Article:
Med School Enrollment Increasing, Schools Adapting to Address Physician Shortage
May 16, 2012, 1:25 PM
Enrollment at U.S. medical schools is growing, according to new data from the Association of American Medical Colleges (AAMC). The annual Medical School Enrollment Survey finds that first-year medical school enrollment is expected to reach 21,376 by 2016, an increase of 29.6 percent since 2002. Combined first-year MD and DO (Doctor of Osteopathic Medicine) enrollment—which has already increased by 28 percent since 2002—is projected to reach 26,709, an increase of 37 percent, by 2016.
Forty-three percent of the schools surveyed say they have plans to target—or have already targeted—specific populations that are underrepresented in medical schools, including minorities and people from disadvantaged backgrounds, rural and underserved communities. Among the tactics the schools are using: scholarships, modified or targeted admissions criteria and outreach efforts, and branch campus locations.
Medical schools are also using other approaches to increase their enrollment and quickly put physicians to work. At least four schools have recently begun offering programs that allow medical students to get degrees in three years, instead of four, American Medical News reports. In addition, a consortium of six schools has applied for a $23 million federal grant from the Center for Medicare and Medicaid Innovation to expand the three-year model to more campuses.
Louisiana State University (LSU), for instance, is in the process of developing a three-year program at its Lafayette campus. The first class is expected to begin in 2014. Sam McClugage, PhD, LSU School of Medicine associate dean for admissions, told American Medical News that the accelerated curriculum is designed to encourage physicians to pursue primary care, “and then hopefully [go] into more underserved areas, such as rural communities, to practice medicine.”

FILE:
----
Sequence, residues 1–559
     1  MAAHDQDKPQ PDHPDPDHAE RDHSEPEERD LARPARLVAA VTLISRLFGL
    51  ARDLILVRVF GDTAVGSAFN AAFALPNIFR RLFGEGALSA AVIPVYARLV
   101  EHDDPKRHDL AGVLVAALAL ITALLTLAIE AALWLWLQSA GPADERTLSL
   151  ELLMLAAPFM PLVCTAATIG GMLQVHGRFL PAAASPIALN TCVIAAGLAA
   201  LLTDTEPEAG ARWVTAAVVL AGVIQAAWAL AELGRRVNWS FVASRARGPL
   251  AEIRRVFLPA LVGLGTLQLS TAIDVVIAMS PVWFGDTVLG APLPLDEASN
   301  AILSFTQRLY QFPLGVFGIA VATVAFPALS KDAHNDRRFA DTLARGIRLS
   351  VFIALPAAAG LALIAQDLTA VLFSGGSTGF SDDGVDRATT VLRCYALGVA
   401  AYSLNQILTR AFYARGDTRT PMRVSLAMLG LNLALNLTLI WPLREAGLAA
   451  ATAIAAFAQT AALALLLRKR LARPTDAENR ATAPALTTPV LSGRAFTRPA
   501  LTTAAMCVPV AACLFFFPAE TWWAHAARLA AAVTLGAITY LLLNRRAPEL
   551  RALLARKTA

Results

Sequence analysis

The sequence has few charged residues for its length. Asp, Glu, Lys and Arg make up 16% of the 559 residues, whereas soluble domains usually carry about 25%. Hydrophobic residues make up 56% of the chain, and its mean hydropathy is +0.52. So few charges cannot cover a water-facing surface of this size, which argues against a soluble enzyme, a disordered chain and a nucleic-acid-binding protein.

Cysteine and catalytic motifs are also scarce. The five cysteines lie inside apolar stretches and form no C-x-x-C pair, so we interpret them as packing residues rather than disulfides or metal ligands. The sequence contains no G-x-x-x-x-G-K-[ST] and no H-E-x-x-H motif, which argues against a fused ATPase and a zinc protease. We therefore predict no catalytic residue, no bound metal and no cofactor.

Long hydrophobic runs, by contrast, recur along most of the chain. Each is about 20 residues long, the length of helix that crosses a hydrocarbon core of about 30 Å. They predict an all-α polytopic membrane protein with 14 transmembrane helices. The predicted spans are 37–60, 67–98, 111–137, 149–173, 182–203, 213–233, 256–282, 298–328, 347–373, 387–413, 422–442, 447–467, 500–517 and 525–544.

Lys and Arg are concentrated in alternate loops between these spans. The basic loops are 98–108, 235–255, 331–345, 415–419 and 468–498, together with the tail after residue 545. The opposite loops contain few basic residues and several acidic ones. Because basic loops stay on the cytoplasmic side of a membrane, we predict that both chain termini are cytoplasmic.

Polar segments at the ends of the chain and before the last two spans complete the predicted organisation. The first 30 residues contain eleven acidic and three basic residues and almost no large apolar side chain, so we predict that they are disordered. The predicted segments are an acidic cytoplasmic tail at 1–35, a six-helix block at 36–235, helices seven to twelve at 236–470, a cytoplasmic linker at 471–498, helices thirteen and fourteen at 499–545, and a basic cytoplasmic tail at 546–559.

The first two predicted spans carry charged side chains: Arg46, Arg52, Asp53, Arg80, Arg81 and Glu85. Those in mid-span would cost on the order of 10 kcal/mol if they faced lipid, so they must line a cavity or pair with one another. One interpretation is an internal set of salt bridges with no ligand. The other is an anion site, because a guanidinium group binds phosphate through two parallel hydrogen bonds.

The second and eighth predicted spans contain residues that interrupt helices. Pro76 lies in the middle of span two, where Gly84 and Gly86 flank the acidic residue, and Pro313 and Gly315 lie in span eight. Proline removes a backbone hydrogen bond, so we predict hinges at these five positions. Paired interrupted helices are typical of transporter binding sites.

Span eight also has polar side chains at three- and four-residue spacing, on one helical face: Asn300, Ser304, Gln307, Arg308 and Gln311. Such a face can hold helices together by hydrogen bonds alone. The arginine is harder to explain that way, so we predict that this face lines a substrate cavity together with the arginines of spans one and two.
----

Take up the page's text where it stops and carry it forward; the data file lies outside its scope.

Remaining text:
“There are many of us in medical education who wonder about the need for the fourth year of medical school,” Robert Pallay, MD, professor and chair of the Department of Family Medicine at Mercer University School of Medicine’s campus in Savannah, Ga., told American Medical News. “The issue here is, ‘What does society need?’ What our society needs right now is a significant increase in the number of family physicians.”
What do you think? Is the physician shortage still a concern or is the country’s medical education system on track to mend it? Are three-year programs for medical students a good idea? Register below to leave a comment.
This commentary originally appeared on the RWJF Human Capital Blog. The views and opinions expressed here are those of the authors.